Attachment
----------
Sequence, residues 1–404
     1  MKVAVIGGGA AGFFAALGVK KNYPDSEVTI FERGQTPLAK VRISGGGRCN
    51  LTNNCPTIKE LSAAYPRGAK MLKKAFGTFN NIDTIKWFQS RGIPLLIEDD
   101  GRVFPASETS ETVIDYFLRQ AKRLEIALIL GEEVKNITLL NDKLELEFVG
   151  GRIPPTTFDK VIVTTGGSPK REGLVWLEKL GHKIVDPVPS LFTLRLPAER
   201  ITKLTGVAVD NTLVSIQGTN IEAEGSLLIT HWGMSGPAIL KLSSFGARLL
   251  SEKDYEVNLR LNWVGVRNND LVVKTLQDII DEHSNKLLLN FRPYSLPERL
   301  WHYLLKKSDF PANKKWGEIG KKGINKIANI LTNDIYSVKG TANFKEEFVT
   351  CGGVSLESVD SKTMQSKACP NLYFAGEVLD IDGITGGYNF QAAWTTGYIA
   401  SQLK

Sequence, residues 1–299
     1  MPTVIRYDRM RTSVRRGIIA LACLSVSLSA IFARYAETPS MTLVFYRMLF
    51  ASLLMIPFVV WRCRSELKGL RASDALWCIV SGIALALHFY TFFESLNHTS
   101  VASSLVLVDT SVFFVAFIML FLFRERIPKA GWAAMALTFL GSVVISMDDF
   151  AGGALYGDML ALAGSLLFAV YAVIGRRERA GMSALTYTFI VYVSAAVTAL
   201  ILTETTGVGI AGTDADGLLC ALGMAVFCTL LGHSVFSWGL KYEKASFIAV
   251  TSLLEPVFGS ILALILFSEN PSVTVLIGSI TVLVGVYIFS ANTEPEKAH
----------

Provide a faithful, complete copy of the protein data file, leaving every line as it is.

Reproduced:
Sequence, residues 1–404
     1  MKVAVIGGGA AGFFAALGVK KNYPDSEVTI FERGQTPLAK VRISGGGRCN
    51  LTNNCPTIKE LSAAYPRGAK MLKKAFGTFN NIDTIKWFQS RGIPLLIEDD
   101  GRVFPASETS ETVIDYFLRQ AKRLEIALIL GEEVKNITLL NDKLELEFVG
   151  GRIPPTTFDK VIVTTGGSPK REGLVWLEKL GHKIVDPVPS LFTLRLPAER
   201  ITKLTGVAVD NTLVSIQGTN IEAEGSLLIT HWGMSGPAIL KLSSFGARLL
   251  SEKDYEVNLR LNWVGVRNND LVVKTLQDII DEHSNKLLLN FRPYSLPERL
   301  WHYLLKKSDF PANKKWGEIG KKGINKIANI LTNDIYSVKG TANFKEEFVT
   351  CGGVSLESVD SKTMQSKACP NLYFAGEVLD IDGITGGYNF QAAWTTGYIA
   401  SQLK

Sequence, residues 1–299
     1  MPTVIRYDRM RTSVRRGIIA LACLSVSLSA IFARYAETPS MTLVFYRMLF
    51  ASLLMIPFVV WRCRSELKGL RASDALWCIV SGIALALHFY TFFESLNHTS
   101  VASSLVLVDT SVFFVAFIML FLFRERIPKA GWAAMALTFL GSVVISMDDF
   151  AGGALYGDML ALAGSLLFAV YAVIGRRERA GMSALTYTFI VYVSAAVTAL
   201  ILTETTGVGI AGTDADGLLC ALGMAVFCTL LGHSVFSWGL KYEKASFIAV
   251  TSLLEPVFGS ILALILFSEN PSVTVLIGSI TVLVGVYIFS ANTEPEKAH